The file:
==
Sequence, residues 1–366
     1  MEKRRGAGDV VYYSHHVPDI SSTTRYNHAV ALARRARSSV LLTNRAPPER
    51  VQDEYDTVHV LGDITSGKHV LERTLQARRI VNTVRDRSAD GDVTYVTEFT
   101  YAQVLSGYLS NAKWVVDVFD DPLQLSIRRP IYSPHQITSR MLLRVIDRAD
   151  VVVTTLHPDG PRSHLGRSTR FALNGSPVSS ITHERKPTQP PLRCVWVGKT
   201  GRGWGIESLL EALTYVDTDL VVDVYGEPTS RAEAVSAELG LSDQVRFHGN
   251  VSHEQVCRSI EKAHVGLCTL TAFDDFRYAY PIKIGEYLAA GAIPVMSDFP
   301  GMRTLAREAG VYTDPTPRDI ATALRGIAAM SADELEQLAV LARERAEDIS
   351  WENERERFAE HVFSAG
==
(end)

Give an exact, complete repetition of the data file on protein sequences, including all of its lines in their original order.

Sequence, residues 1–366
     1  MEKRRGAGDV VYYSHHVPDI SSTTRYNHAV ALARRARSSV LLTNRAPPER
    51  VQDEYDTVHV LGDITSGKHV LERTLQARRI VNTVRDRSAD GDVTYVTEFT
   101  YAQVLSGYLS NAKWVVDVFD DPLQLSIRRP IYSPHQITSR MLLRVIDRAD
   151  VVVTTLHPDG PRSHLGRSTR FALNGSPVSS ITHERKPTQP PLRCVWVGKT
   201  GRGWGIESLL EALTYVDTDL VVDVYGEPTS RAEAVSAELG LSDQVRFHGN
   251  VSHEQVCRSI EKAHVGLCTL TAFDDFRYAY PIKIGEYLAA GAIPVMSDFP
   301  GMRTLAREAG VYTDPTPRDI ATALRGIAAM SADELEQLAV LARERAEDIS
   351  WENERERFAE HVFSAG